Judge: Theodore R. Howard, Case: 20-1149130, Date: 2022-08-18 Tentative Ruling

Specially appearing defendants AdBoom LLC, and Nick Kohlschreiber’s (“Kohlschreiber” individually; “Defendants” together with AdBoom for sole purpose of this ruling) Motion to Set Aside Default Judgment and Quash Service of Summons (“Motion”) is GRANTED.


Defendants bring this request pursuant to Civ. Proc. Code §§ 473(d) and/or 473.5.  Contrary to Plaintiff’s assertion, the six month time limit to bring a motion to set aside under Civ. Proc. Code § 473(b) is not applicable to a motion, like the present one, that is brought under Civ. Proc. Code § 473(d) as a void judgment can be attacked at any time.  (Westport Oil Co. v. Garrison (1971) 19 Cal. App. 3d 974, 978; Falahati v. Kondo (2005) 127 Cal. App. 4th 823, 830; Yeung v. Soos (2004) 119 Cal. App. 4th 576, 582 (“Yeung”).)  Although there is a time limit under Civ. Proc. Code § 473.5, that code section does not apply here as the default judgment was void on its face, so the court may proceed solely with its analysis under Civ. Proc. Code § 473(d).  (Vaughn v. Pine Creek Tungsten Co. (1928) 89 Cal. App. 759, 762.) 


“[U]nder subdivision (d) of Code of Civil Procedure section 473, the court may set aside orders and judgments that are “ ‘void,’ ” including orders and judgments void for want of fundamental jurisdiction or personal jurisdiction.”  (Bae v. T.D. Serv. Co. of Arizona (2016) 245 Cal. App. 4th 89, 97 (“Bae”); Yeung, supra, 119 Cal. App. 4th at 582.)  “Apart from any statute, courts have the inherent authority to vacate a default and default judgment on equitable grounds such as extrinsic fraud or extrinsic mistake. [Citations.] “Extrinsic fraud usually arises when a party is denied a fair adversary hearing because he has been ‘deliberately kept in ignorance of the action or proceeding, or in some other way fraudulently prevented from presenting his claim or defense.’ ” [Citations.]  In contrast, the term “extrinsic mistake” is “broadly applied when circumstances extrinsic to the litigation have unfairly cost a party a hearing on the merits. [Citations.] ‘Extrinsic mistake is found when [among other things] ... a mistake led a court to do what it never intended....’ ” ‘ “  (Bae, supra, 245 Cal. App. 4th at 97-98.)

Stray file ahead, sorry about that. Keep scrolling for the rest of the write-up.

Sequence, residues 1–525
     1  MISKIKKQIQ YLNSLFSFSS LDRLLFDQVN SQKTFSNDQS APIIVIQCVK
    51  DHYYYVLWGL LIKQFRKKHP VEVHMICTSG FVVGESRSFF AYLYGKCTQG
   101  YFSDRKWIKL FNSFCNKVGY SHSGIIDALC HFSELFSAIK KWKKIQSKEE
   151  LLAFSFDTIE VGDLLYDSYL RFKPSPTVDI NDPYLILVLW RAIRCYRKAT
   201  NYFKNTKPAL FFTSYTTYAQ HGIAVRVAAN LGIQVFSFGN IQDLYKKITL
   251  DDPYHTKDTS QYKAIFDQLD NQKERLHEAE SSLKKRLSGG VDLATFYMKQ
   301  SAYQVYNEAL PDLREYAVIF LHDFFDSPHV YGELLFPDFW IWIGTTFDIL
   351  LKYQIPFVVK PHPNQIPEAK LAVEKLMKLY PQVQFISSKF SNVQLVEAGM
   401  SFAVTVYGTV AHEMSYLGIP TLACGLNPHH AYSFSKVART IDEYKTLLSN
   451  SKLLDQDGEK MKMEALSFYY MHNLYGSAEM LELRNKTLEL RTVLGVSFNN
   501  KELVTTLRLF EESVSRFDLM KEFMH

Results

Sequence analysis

Kohlschreiber contends he was neither a resident at Fernleaf, nor did he receive mail at 721 Fernleaf Ave. in Corona Del Mar (“Fernleaf”) when the Complaint was alleged served on 08/09/20.  (Kohlschreiber Decl. ¶ 9.)  Plaintiff’s process server contends that he recalls being given a picture of Kohlschreiber prior to serving the Complaint and that “Meyers” was actually Kohlschreiber using a false name.  (Essah Decl. ¶¶ 2.)  This is a case of “Plaintiff said/Defendants said,” but in weighing the evidence, the scale leans towards Defendants.